Merge certificate public and private key with OpenSSL

This post isn’t about Lync Server/Skype for Business Server, but we think it will be a good reference for people that work with Lync/Skype.

When we do an offline certificate request, we will get an .REQ file that looks like this:

—–BEGIN NEW CERTIFICATE REQUEST—–
###################################
—–END NEW CERTIFICATE REQUEST—–

Then we use public or private CA to complete the request, and in return we get a .CER/.CRT file:

—–BEGIN CERTIFICATE—–
###################################
—–END CERTIFICATE—–

The private key, however, is usually stored in the device that generates the request. We can have it in cleartext and it will look like this:

—–BEGIN PRIVATE KEY—–
###################################
—–END PRIVATE KEY—–

We had this customer who sent us the .CER and .KEY. Even though we sent the normal request file created by the Lync Deployment Wizard, still the customer decided to create a new certificate and send us the private key in cleartext.
It’s really important never to store or send the private key of a certificate in cleartext.
We could send a new request, but we really needed to deploy the Edge Server with federation enabled. After some research, we found an easy way to do it using OpenSSL:

OpenSSL.org
https://www.openssl.org/

In this case, we used the OpenSSL for Windows pre-compiled version:

OpenSSL.org – Binary Distributions
https://wiki.openssl.org/index.php/Binaries

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Note: Download the 32- or 64-bit to match the Windows version.

Inside the compressed file, we have this:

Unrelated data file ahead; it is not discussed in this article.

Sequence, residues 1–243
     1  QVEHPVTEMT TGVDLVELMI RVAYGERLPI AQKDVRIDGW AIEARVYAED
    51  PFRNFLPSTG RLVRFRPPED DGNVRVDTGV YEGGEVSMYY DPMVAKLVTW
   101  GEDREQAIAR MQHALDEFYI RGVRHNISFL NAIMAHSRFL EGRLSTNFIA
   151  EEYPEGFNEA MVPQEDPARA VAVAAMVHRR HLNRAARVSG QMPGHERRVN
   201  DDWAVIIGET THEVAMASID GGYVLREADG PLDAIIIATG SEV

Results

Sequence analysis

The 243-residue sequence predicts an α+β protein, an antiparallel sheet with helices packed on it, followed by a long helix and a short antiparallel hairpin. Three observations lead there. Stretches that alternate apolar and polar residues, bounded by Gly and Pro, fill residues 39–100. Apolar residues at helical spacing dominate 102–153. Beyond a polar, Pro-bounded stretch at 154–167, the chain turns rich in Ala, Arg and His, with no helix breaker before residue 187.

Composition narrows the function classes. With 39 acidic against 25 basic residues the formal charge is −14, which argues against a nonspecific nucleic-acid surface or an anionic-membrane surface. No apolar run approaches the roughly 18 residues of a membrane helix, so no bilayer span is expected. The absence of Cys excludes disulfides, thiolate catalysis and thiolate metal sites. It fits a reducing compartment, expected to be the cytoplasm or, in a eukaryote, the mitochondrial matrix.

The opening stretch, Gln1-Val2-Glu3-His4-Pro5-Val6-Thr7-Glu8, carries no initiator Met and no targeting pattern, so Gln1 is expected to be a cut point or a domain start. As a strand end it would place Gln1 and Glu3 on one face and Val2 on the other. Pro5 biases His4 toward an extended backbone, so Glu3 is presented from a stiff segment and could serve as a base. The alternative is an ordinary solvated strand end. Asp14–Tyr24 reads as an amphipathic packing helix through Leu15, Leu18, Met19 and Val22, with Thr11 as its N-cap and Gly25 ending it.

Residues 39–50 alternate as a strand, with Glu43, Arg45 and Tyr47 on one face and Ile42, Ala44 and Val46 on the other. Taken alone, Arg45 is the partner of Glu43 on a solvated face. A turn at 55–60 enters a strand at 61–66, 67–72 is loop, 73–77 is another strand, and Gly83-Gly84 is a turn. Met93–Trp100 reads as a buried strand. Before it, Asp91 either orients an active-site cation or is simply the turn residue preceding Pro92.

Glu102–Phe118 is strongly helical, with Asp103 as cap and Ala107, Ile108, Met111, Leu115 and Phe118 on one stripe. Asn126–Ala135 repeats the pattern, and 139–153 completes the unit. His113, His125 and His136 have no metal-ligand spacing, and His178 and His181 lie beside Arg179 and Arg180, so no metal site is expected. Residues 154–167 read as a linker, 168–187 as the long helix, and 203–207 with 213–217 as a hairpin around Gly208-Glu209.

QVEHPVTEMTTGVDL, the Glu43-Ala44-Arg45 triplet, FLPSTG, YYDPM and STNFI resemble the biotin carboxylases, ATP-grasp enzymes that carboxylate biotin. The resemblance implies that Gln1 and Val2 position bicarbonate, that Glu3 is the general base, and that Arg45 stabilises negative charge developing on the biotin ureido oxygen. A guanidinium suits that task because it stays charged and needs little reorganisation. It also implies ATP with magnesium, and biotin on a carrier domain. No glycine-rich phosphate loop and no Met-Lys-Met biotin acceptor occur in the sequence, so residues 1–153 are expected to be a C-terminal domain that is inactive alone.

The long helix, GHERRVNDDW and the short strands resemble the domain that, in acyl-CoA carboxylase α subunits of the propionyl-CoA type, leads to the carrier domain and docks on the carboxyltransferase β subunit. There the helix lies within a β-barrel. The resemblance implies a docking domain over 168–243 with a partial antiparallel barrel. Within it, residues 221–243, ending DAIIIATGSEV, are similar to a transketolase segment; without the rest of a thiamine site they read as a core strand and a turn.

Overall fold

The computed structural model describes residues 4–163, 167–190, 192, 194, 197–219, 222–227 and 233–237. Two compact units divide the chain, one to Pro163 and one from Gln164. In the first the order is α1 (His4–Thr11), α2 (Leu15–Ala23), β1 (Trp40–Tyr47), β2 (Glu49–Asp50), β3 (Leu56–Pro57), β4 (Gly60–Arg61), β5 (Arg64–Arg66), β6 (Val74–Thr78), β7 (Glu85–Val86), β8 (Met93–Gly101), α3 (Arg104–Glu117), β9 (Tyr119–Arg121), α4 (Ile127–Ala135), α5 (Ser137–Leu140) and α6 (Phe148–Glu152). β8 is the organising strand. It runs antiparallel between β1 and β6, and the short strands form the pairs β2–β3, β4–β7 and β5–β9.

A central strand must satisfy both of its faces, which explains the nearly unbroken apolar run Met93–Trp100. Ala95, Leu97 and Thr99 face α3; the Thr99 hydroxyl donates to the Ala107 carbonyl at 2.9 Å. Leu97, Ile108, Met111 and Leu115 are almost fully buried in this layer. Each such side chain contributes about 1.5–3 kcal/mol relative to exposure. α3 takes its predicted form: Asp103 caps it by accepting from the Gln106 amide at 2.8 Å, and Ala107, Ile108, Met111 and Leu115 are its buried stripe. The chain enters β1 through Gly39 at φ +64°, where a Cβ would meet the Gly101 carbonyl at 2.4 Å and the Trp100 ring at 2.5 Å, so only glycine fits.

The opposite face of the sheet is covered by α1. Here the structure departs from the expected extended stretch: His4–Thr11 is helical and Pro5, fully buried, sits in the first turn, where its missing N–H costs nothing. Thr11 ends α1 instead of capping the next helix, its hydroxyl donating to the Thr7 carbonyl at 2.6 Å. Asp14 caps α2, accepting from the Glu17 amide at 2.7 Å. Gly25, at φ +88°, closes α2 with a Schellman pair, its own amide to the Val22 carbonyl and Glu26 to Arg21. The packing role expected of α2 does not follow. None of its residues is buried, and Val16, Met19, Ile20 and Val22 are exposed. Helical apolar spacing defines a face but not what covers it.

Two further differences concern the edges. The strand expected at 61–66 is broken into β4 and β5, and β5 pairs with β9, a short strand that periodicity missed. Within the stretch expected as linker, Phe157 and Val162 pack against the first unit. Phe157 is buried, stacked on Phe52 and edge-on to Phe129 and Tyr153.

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Extract all files to a folder (in this case, we did it to C:\OpenSSL) and copy the .CER and .KEY files to this same folder.
If we get a .P7B file with the certificate and the chain, we need to export the certificate first. In order to do this, simply open the file, right-click on the certificate and select All Tasks > Export:

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When asked for Export File Format, we need to choose Base-64 encoded.509 (.CER):

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Now in the Command Prompt, go to the folder, run the following command and insert a password (this will be used to import the certificate):

openssl pkcs12 -export -in lync_edge.cer -inkey lync_edge.key -out lync_edge_merged.pfx

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Note: We can ignore the warning message, since we only need to merge the certificate.

Take notice that the new merged certificate was created in the folder:

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We can import the certificate and finally have a certificate ready to be used by Lync Server/Skype for Business Server:

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